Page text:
Getting there: Alberobello is not far from Ostuni but rail connections make it complicated and it can take between 3 ½ to 5 hours to get there from Lecce including a transfer in Martina Franca (which is itself worth seeing). When we planned out our trip we had meant to combine the two towns, going to Alberobello the 1st day for a visit, then backtracking to Martina Franca (which is only 20 minutes away) where we would have overnighted. Alberobello is a small town so a few hours is sufficient.
Alternative ways of seeing Alberobello: This Full-Day Tour takes you to Alberobello, Polignano A Mare (which I covered at the top of this post), as well as Cisternino (another very pretty town in Valle d’Itria)
Accommodation if you choose to stay a night: Tipico Resort is simple but well located and excellent value. Converse fra i trulli is beautiful, right in the center, and is also very good value.
Matera is not technically in Puglia – it’s about 5km outside Puglia in the region of Basilicata.
The city (along with Plovdiv in Bulgaria) are the 2019 European Capitals of Culture. That is a big step up for Matera which for a very long time was Italy’s shame. This city is thought to be among the first human settlements in Italy. For centuries humans carved stone houses out of the cliffs in the area, living in them (along with their livestock) with no electricity, running water or sewage. The area was declared a UNESCO World Heritage Site in 1993 and since then has grown in popularity. There is a lot to see including churches and monasteries carved out of the rock.
Getting there: The best way to get to Matera by train is from Bari Centrale. From there it takes 1 hour 40 minutes to get to Matera Centrale on the PAL rail line. Getting to Bari from Lecce takes about 1 hour 30 minutes – so altogether it will take 3 hours plus transfer time to get from Lecce to Matera.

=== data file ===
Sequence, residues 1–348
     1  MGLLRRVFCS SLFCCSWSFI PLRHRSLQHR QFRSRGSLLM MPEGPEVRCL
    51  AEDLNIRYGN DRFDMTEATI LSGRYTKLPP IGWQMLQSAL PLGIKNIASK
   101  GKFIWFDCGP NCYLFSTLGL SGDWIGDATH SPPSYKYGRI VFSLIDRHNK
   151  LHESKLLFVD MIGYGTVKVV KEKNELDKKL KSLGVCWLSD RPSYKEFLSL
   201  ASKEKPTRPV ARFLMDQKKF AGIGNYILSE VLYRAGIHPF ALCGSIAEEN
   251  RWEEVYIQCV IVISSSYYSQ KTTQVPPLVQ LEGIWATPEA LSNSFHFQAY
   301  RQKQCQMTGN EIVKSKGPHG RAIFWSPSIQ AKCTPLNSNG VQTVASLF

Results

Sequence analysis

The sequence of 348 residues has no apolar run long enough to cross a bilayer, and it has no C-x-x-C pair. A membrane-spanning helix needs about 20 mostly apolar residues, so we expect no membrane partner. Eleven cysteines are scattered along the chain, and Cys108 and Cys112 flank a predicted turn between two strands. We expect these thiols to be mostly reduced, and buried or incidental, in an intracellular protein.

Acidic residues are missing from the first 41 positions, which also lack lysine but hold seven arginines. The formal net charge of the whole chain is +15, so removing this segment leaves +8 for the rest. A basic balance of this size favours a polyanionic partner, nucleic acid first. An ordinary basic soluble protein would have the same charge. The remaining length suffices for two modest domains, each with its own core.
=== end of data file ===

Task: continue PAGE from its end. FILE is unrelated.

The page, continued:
Matera is worth a couple of days.
Accommodation: Corte Gattini is recommended – beautiful rooms and great location. Another similar recommendation is Residenza del Corso.
Related: Forget everything you’ve read because Rome is Incredible
Related: Italian City Rumble! Venice, Rome or Bologna – which should you Visit?
Related: A Local’s Travel Guide to Italy
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Thank you it will be very helpful in my planning for a holiday later this year.
Happy if it helps 🙂
Polignano a Mare After Wedding
Puglia is one of our favorite parts of Italy, and my favorite town is Polignano a Mare! I was there for an after wedding photoshoot last year . The old town is amazing! and the food is delicious
how simply amazing! I have never really explored Italy – maybe saving that for retirement??? but wow!
Loved this post! So many great things
Thanks for sharing this
Anita @ No Particular Place to Go
Dazzling photos of an amazingly picturesque place! Thank you for the intro to Puglia and I can easily see planning a visit to these destinations during low or shoulder season to avoid the crowds. If you’re gazing with awe inside a church like the Basilica of Santa Caterina d’Alessandria in Galatina, who cares about the weather? And Alberobello looks just plain magical!
It’s almost TOO quiet that time of year Anita. And you have to plan around their crazy “siesta” times – often things are open 9 – 12:30 then again 5 to 8 pm. It can actually be a ghost town walking around mid day, even on a Saturday afternoon!
This post brings back memories from a trip through Italy in 2014. We spent 2 weeks in Puglia it indeed was our favourite part of Italy. You mentioned a town that doesn’t get much mention: Monopoli. It might not be as scenic as some of the other towns on the list but we just thought it was full of highlights. It also felt a lot less touristy than some of the other places (we were there in summer and there were lots of people around). Also really liked Otranto and Ostuni.
Thanks for taking the time to comment Jack!
Thanks, Frank! Puglia is one of our favorite parts of Italy, and seriously underappreciated. (It’s the high-priced north that gets all the attention.) We visited most of these towns. We had a car, which made day trips much easier. Clearly you’ve put a lot of work into working out the public transport schedules. Great post, as usual!
Thanks Paul. Did you and Paula have a favorite town?